The relationships among survey response rates, sample size, confidence intervals, reliability, and measurement error are often confused. Each of these are examined in turn, with an eye toward a systematic understanding of the role each plays in measurement. Reliability and precision estimates are of considerable utility, but their real cash value for practical applications is only rarely appreciated. This article aims to rectify confusions and provide practical guidance in the design and calibration of quality precision instruments.
Response Rates, Sample Size, and Statistical Confidence
First, contrary to the concerns of many consumers of survey data, response rates often have little to do with the validity or reliability of survey data.
To see why, consider the following contrast of two extreme examples. Imagine that 1,000 survey responses are obtained from 1,000 persons selected as demographically representative of a population of 1 million, for a 100% response rate. Also imagine that 1,000 responses from exactly the same people are obtained, but this time in response to surveys that were mailed to a representative cross-section of 100,000 possible respondents, for a 1% response rate.
In either case, with both the 100% and the 1% response rates, the sample of 1,000 provides a confidence interval of, at worst, 3.1%, at 95% confidence for a dichotomous proportion, e.g., in an opinion poll, 52% ± 3.1% prefer one political candidate to another. As long as the relevant demographics of the respondents (sex, age, ethnicity, etc.) are in the same proportions as they are in the population, and there is no self-selection bias, then the 1% response rate is as valid as the 100% response rate. This insight underlies all sampling methodology.
The primary importance of response rates, then, concerns the cost of obtaining a given confidence interval and of avoiding selection bias. If 1,000 representative responses can be obtained from 1,000 mailed surveys, the cost of the 3.1% confidence interval in the response data is 1% of what the same confidence interval would cost when 1,000 representative responses are obtained from 100,000 mailed surveys.
The statistical point is that, as shown in Figure 1, as sample size increases, the confidence interval for a dichotomous proportion decreases. Figure 2 shows that a nearly linear relationship between sample size and confidence interval is obtained when the sample size is expressed logarithmically-scaled. This relationship is a basic staple of statistical inference, but its role in the determination of measurement reliability is widely misunderstood.
Reliability and Sample Size
This same relationship with sample size is exhibited by reliability coefficients, such as KR-20 or Cronbach alpha. The relationship is complicated, however, by persistent confusions in the conceptualization of reliability.
In an article that is as relevant today as on the day it was published, Green, Lissitz, and Mulaik (1977; also see Hattie, 1985) show that "confusion in the literature between the concepts of internal consistency and homogeneity has led to a misuse of coefficient alpha as an index of item homogeneity." They "observed that though high 'internal consistency' as indexed by a high alpha results when a general factor runs through the items, this does not rule out obtaining high alpha when there is no general factor running through the test items" (Hattie, 1985, p. 144).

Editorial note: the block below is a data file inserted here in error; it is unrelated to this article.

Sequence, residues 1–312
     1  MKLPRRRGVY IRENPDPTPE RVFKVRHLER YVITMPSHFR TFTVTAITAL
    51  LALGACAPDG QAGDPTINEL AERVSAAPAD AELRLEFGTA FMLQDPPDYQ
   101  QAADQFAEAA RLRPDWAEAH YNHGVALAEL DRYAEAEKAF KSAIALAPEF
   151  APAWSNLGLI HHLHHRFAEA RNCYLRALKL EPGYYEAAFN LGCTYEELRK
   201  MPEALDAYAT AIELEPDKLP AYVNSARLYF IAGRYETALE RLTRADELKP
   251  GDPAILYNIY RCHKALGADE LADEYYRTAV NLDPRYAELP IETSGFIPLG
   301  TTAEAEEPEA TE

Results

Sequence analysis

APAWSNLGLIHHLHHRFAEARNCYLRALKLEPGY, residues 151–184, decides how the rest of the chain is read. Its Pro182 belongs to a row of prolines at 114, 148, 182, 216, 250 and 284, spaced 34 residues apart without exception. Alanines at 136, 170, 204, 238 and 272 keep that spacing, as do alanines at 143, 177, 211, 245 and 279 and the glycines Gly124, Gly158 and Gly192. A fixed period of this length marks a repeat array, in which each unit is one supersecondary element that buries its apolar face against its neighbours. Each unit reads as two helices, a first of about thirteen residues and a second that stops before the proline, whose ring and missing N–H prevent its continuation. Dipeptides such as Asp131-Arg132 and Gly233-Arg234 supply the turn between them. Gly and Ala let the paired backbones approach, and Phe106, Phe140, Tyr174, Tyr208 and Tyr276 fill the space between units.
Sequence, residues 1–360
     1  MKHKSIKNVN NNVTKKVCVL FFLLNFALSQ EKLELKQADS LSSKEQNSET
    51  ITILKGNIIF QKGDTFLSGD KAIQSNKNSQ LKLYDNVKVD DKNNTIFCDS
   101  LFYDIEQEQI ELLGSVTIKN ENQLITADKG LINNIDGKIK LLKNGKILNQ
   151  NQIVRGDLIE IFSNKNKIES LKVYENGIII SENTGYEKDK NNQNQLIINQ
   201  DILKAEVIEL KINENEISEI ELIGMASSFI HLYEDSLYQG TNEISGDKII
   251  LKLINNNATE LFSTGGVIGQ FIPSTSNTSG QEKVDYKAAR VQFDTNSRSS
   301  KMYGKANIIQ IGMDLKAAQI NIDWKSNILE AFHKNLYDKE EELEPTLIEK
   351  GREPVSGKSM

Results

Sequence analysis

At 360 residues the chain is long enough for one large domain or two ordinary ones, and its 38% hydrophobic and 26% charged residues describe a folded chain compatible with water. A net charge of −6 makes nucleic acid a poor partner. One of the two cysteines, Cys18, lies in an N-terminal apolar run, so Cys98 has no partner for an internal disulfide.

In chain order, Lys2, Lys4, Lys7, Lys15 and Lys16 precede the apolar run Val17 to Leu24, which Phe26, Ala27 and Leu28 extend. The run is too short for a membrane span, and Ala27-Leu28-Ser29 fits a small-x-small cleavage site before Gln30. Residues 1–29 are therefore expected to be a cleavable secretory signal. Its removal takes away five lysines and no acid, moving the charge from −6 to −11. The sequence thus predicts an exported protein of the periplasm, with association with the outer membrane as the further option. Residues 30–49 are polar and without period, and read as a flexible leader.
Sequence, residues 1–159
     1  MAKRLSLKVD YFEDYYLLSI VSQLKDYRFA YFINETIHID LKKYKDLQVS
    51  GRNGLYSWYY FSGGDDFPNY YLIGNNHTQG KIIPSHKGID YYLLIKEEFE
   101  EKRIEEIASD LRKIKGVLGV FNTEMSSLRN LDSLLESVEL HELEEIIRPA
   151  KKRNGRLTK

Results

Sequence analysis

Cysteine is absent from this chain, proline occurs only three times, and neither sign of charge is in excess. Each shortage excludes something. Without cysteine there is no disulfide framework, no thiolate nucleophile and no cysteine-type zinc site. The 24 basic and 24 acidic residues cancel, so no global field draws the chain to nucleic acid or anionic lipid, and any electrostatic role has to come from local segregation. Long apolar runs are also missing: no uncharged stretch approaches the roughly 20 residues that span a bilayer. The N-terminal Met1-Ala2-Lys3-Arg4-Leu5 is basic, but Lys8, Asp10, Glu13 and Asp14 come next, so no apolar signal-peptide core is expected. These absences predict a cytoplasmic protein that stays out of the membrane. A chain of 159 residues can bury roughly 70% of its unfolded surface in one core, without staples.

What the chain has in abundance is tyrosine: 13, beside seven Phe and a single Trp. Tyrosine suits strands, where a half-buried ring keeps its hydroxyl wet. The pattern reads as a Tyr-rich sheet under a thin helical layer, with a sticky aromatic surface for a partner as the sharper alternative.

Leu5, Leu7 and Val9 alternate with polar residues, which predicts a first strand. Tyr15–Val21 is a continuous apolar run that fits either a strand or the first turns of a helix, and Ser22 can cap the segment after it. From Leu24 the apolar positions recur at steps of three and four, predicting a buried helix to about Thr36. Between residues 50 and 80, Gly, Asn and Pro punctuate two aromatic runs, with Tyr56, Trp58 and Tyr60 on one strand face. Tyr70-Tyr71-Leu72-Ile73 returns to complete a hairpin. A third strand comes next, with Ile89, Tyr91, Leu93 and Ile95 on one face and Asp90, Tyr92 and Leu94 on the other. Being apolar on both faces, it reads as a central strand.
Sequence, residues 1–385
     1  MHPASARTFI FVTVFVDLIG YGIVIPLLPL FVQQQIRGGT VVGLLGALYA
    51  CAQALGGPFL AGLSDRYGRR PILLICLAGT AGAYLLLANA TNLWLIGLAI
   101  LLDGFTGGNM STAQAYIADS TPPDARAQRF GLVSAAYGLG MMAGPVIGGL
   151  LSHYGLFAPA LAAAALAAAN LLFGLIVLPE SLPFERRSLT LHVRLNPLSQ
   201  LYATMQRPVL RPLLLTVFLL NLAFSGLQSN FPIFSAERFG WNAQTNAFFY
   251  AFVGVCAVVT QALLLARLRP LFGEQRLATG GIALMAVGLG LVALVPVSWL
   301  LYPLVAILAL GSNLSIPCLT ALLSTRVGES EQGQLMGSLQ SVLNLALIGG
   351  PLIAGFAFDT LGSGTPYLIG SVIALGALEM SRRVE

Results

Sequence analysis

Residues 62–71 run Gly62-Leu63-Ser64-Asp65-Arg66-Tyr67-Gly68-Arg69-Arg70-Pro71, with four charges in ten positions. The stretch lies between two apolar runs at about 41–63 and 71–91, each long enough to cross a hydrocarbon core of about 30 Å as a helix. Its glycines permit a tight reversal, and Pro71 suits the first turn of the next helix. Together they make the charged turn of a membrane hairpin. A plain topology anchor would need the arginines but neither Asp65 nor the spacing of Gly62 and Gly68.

Green, et al. then "concluded that the chief defect of alpha as an index of dimensionality is its tendency to increase as the number of items increase" (Hattie, 1985, p. 144). Hattie (1985, p. 144) summarizes the state of affairs, saying that, "Unfortunately, there is no systematic relationship between the rank of a set of variables and how far alpha is below the true reliability. Alpha is not a monotonic function of unidimensionality."
The desire for some indication of reliability, as expressed in terms of precision or repeatably reproducible measures, is, of course, perfectly reasonable. But interpreting alpha and other reliability coefficients as an index of data consistency or homogeneity is missing the point. To test data for the consistency needed for meaningful measurement based in sufficient statistics, one must first explicitly formulate and state the desired relationships in a mathematical model, and then check the data for the extent to which it actually embodies those relationships. Model fit statistics (Smith, 2000) are typically employed for this purpose, not reliability coefficients.
However, what Hattie, and Green, et al., characterize as the "chief defect" of coefficient alpha, "its tendency to increase as the number of items increase," has its productive place and positive purpose. This becomes apparent as one appreciates the extent to which the estimation of measurement and calibration errors in Rasch measurement is based in standard statistical sampling theory. The Spearman-Brown prophecy formula asserts a monotonic relationship between sample size and measurement reliability, expressed in the ratio of the error to the true standard deviation, as is illustrated in Linacre's (1993) Rasch generalizability nomograph.
Reliability and Confidence Intervals
To illustrate this relationship, Rasch theory-based (model) errors and confidence intervals were obtained for a range of different test lengths (see Table). The modeled measurement errors associated with different numbers of dichotomous distinctions were read from Linacre's (1993) nomograph. The 95% confidence intervals for the raw score proportions produced from same numbers of items were found using the Wilson (1927) Score Interval .
As already noted, Figures 1 and 2 show that the confidence intervals have a curvilinear relationship with the numbers of items/persons (or dichotomous distinctions). Figure 3 shows that Rasch error estimates have the same relationship with the counts as the confidence intervals. The confidence intervals and error estimates accordingly have a linear, one-to-one relationship, as shown in Figure 4, because they are both inversely proportional to the square-root of the person or item sample size for any given raw score percent.